Thursday , May 25 2017
Home / Academia / Academic (page 4)

Academic

The Origins and Fall of Treaty Supremacy and Its Significance

OpiniJuris

The Origins and Fall of Treaty Supremacy and Its Significance by Thomas Lee [Thomas Lee is the Leitner Family Professor of International Law and the Director of Graduate and International Studies at Fordham Law School. This is the fifth post in our symposium this week on treaty supremacy.] Imagine Congress passes, …

Read More »

Treaties in Constitutional Time

OpiniJuris

Treaties in Constitutional Time by John Parry [John Parry is the Associate Dean of Faculty and Edward Brunet Professor of Law at the Lewis & Clark Law School. This is the fourth post in our symposium this week on treaty supremacy.] David Sloss’s fantastic new book restores order and sanity to …

Read More »

Conference: International Law Year in Review

University of Sydney

Conference: International Law Year in Review The Sydney Centre for International Law at Sydney Law School will hold its fifth International Law Year in Review Conference, on February 17, 2017. The program is here. [via International Law Reporter]

Read More »

Will International Law Matter to the Trump Administration?

OpiniJuris

Will International Law Matter to the Trump Administration? by Julian Ku There are lots of panels and conferences being held around the U.S. (and maybe outside the U.S.) on the new Trump Administration’s policies and their impact on international law. I would like to recommend our readers view some or all …

Read More »

Trump and the UN

OpiniJuris

Trump and the UN by Kristen Boon Like most policy issues in his campaign, Trump’s references to the UN and multilateralism have been brief.   If one searches for Trump & the UN, the main hit are statements made in 2005 that he could do a much better job renovating the …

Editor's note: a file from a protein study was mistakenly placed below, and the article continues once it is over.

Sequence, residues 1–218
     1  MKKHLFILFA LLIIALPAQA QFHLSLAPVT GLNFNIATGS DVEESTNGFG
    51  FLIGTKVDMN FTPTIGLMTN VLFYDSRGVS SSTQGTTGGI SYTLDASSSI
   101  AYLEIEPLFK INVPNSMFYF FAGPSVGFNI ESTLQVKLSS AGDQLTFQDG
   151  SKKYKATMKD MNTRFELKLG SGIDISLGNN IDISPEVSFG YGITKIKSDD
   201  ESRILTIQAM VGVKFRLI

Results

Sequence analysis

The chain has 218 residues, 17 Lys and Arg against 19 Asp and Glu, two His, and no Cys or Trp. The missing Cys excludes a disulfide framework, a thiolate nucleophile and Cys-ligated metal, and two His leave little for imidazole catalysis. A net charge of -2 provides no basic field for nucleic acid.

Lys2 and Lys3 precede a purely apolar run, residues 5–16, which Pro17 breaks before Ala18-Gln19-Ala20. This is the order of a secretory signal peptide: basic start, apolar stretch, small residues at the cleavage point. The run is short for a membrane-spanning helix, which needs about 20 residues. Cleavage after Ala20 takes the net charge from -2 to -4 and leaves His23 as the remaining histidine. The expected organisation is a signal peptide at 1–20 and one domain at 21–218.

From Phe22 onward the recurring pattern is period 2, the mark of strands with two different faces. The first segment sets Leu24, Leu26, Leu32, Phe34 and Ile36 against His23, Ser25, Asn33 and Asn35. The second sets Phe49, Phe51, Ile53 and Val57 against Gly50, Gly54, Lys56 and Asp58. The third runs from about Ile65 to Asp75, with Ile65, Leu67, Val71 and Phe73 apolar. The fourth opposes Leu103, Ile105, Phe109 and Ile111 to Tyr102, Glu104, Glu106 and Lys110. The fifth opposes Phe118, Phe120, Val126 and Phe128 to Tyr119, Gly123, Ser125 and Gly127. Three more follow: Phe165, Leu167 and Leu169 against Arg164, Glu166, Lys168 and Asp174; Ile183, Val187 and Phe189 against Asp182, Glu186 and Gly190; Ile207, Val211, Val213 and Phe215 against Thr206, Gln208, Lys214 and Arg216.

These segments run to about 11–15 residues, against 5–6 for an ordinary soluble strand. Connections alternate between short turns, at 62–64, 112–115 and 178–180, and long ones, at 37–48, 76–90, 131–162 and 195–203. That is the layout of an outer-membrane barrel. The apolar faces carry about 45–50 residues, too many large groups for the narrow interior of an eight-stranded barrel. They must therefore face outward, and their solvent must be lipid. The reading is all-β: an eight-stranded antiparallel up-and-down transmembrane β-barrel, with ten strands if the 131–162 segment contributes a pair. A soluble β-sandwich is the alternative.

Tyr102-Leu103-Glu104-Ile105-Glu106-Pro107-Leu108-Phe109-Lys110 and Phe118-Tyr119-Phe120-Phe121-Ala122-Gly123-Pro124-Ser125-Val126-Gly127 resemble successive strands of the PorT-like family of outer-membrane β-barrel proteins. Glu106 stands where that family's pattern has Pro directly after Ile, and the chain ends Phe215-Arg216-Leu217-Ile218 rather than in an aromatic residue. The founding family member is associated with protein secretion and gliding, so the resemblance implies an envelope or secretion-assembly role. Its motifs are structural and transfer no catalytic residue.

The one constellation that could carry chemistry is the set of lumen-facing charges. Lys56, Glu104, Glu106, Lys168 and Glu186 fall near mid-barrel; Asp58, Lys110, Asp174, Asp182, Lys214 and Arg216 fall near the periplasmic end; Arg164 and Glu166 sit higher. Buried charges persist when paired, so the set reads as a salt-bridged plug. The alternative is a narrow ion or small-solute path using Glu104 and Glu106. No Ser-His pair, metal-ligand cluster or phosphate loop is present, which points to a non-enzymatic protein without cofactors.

Read More »

Brexit and International Law

EJIL

Brexit and International Law In earlier posts (here and here) there was a discussion about the different scenarios that might play out following the UK’s vote to exit the European Union. These and other debates have focused largely on the legal implications for the UK and the European Union and …

Read More »

The Human Rights of Migrants as Limitations on States’ Control Over Entry and Stay in Their Territory

EJIL

The Human Rights of Migrants as Limitations on States’ Control Over Entry and Stay in Their Territory As Juan Amaya-Castro points out, (domestic) migration legislation is about selecting among potential or prospective migrants, i.e. creating two categories of migrants: ‘documented’ or ‘regular’ migrants, whose migration status complies with established requirements, …

Read More »

Palestine, UN Non-Member Observer Status and ICC Jurisdiction

Palestine, UN Non-Member Observer Status and ICC Jurisdiction On 22 January 2009, the Palestinian Minister of Justice, on behalf of the Palestinian National Authority (PNA), lodged a declaration recognizing the jurisdiction of the International Criminal Court (ICC) (pictured left) ‘for the purpose of identifying, prosecuting and judging the authors and …

Read More »